A cold heart
In his description of hell, Dante Alighieri pictures the devil seated on a throne of ice, in frozen and loveless isolation. We might well ask ourselves how it happens that charity can turn cold within us. What are the signs that indicate that our love is beginning to cool?
More than anything else, what destroys charity is greed for money, “the root of all evil” (1 Tim 6:10). The rejection of God and his peace soon follows; we prefer our own desolation rather than the comfort found in his word and the sacraments. All this leads to violence against anyone we think is a threat to our own “certainties”: the unborn child, the elderly and infirm, the migrant, the alien among us, or our neighbour who does not live up to our expectations.
Creation itself becomes a silent witness to this cooling of charity. The earth is poisoned by refuse, discarded out of carelessness or for self-interest. The seas, themselves polluted, engulf the remains of countless shipwrecked victims of forced migration. The heavens, which in God’s plan, were created to sing His praises, are rent by engines raining down implements of death.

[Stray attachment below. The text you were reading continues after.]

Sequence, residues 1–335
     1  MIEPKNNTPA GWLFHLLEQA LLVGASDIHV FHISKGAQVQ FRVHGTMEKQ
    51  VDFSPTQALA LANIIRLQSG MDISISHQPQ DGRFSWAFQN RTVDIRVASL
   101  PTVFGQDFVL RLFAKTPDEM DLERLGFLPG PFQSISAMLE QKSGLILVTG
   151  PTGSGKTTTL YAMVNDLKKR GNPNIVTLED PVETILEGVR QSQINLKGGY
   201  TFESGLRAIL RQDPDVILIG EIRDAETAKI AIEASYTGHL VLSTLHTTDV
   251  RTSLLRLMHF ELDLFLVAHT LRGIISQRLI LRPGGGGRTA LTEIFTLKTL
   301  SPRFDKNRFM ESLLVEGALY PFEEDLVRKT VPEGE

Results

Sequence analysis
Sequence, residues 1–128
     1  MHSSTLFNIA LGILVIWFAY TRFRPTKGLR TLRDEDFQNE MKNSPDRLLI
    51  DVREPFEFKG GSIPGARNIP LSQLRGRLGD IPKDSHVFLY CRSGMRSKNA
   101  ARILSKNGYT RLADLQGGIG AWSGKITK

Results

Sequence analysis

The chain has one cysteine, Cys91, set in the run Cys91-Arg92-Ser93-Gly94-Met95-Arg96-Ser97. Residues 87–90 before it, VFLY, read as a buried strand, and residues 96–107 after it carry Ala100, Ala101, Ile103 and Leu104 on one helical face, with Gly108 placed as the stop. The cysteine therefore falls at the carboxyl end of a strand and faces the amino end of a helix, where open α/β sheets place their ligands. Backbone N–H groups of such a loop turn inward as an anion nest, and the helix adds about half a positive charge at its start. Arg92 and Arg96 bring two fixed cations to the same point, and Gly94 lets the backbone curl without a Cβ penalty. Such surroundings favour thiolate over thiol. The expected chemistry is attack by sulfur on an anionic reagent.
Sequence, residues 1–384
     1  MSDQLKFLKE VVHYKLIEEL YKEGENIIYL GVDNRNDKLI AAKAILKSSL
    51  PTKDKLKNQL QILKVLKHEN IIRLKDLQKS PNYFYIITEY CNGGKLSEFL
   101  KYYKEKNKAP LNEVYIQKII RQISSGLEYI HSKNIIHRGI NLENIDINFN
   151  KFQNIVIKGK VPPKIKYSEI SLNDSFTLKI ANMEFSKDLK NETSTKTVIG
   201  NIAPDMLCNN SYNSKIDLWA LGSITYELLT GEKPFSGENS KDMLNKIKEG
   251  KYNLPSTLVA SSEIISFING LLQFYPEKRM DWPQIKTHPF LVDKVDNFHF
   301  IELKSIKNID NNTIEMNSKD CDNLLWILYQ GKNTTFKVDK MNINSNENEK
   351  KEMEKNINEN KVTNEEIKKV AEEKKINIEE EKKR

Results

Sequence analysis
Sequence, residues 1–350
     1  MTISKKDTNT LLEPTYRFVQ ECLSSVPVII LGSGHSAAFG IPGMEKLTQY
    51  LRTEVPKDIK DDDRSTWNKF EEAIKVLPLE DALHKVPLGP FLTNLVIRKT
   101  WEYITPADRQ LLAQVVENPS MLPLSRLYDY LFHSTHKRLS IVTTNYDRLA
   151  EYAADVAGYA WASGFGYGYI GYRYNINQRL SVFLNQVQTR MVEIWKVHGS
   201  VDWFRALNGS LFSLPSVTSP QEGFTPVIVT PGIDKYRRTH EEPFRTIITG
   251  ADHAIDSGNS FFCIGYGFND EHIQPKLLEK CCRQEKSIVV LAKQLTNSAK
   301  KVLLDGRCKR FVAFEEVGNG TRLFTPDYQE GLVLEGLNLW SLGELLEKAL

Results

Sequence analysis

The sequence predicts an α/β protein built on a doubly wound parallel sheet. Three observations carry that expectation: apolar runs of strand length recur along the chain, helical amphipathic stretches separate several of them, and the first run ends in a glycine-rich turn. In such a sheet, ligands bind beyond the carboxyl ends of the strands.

Love can also grow cold in our own communities. In the Apostolic Exhortation Evangelii Gaudium, I sought to describe the most evident signs of this lack of love: selfishness and spiritual sloth, sterile pessimism, the temptation to self-absorption, constant warring among ourselves, and the worldly mentality that makes us concerned only for appearances, and thus lessens our missionary zeal.